Architecture is meant to fulfill both practical and expressive requirements, and thus it serves both utilitarian and aesthetic purposes. When you look at a structure, you can distinguish these two ends but they cannot be separated, and the relative weight each of them carry can vary widely. Plus, every society has its own, unique relationship to the natural world and its architecture usually reflects that as well, allowing people from other places to learn about their environment, as well as history, ceremonies, artistic sensibility, and many aspects of daily life.
However, architecture is better seen, not described. So, let me introduce you to “the beautiful impossibilities that we want to live in“, a subreddit dedicated to high-quality images of some of the most impressive (concept) buildings out there. This online community already has over 617K members, and the pictures they share are absolutely gorgeous. Continue scrolling and take a look!
Semi-Destroyed In 1979 By The Earthquake In Albania. Rebuilt Two Years Ago
The Russian Ministry Of Agriculture, In Kazan
The Art Nouveau ‘Gran Hotel Ciudad De México’, 1899, By French Architect, Jacques Grüber
Urbany also pointed out the importance of smart home technology. “Anyone with a smartphone or voice-activated speakers, like Amazon Echo or Google Home, knows the convenience of home features that can be controlled via a simple swipe, utterance, or in-home video panel,” the architect said.
“Not only are these features convenient, but many — including lighting and heating/cooling control — can reap real rewards on monthly utility bills. For architects, the challenge becomes creating spaces to house any mechanicals and the necessary wiring that goes along with them.”
This Spiral Staircase Carved From A Single Tree In 1851 – Located In Lednice Castle, Czech Republic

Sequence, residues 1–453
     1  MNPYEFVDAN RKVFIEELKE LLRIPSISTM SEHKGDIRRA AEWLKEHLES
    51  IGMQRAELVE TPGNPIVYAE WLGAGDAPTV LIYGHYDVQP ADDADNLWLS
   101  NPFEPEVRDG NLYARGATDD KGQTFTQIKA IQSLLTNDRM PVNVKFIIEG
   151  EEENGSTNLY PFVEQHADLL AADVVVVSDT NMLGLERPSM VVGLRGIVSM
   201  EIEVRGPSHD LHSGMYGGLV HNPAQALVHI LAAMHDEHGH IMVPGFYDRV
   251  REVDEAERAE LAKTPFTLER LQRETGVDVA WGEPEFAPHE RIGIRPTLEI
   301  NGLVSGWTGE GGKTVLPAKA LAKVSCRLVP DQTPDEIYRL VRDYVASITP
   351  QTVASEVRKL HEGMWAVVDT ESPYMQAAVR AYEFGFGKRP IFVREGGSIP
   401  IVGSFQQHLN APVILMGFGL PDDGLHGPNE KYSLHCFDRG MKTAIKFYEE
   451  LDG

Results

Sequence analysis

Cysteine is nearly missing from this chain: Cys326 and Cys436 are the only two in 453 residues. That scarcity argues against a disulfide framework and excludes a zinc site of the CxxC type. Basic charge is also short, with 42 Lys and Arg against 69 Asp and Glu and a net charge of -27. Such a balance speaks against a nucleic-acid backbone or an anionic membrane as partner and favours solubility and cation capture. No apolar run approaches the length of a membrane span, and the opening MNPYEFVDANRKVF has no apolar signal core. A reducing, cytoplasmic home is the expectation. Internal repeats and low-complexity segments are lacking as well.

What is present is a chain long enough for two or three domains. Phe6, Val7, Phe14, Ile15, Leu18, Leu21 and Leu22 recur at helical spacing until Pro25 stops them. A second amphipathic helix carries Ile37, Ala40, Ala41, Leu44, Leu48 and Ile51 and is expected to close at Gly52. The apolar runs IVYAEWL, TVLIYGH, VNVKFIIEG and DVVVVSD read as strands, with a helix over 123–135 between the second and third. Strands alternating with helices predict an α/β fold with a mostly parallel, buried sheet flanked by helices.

Wisteria Blossoms Surrounding The Entrance Of A Victorian Townhouse In San Francisco
A Spiral Staircase Designed By Leonardo Da Vinci In The Year 1516
Another important aspect of contemporary architecture is sustainability. After all, according to the U.S. Energy Information Administration (EIA), buildings generate nearly 40% of annual global GHG emissions.
“It’s no surprise the trend is towards creating more energy-efficient buildings, but also to develop homes that use, and leak less energy,” Urbany explained.
“The pinnacle of this type of design is a net-zero home that literally has no net energy consumption. This is achieved by not only reducing energy consumption but by adding energy creation on the site, typically in the form of solar panels.”
Pavillion Of The Enlightened, Bangkok
Zhongshuge Bookstore In Chengdu, China
Natural History Museum, London
Even if net-zero is too lofty a goal, architects are urged to implement as many sustainable features as possible. These include well-sealed building envelopes, efficient insulation, multi-panel windows, and energy-efficient appliances and systems.
TMD STUDIO, a London-and-Prague-based group of young professionals operating within the fields of architecture, visualizations, interior design, and research, agrees that sustainable architecture holds the key to an environmentally positive future.
“Only by living more economically with our resources can we hope to protect our environment and climate,” TMD STUDIO wrote.
Vietnam’s Golden Bridge
House In Art Nouveau Style, Brussels, Belgium
The Kansas City Public Library
“By keeping the energy we consume within our buildings for as long as possible, we need less supply in the first place,” TMD STUDIO said. “Using less energy to keep us comfortable means that we can become environmentally responsible and more resource-efficient, which are both vital to reducing the effects of climate change.”
According to the organization, there are three overriding concerns when designing buildings with better considerations towards ecological impact: the first is the materials used for construction, the second concern is the energy efficiency of the building and the last factor to consider is the location of the building itself.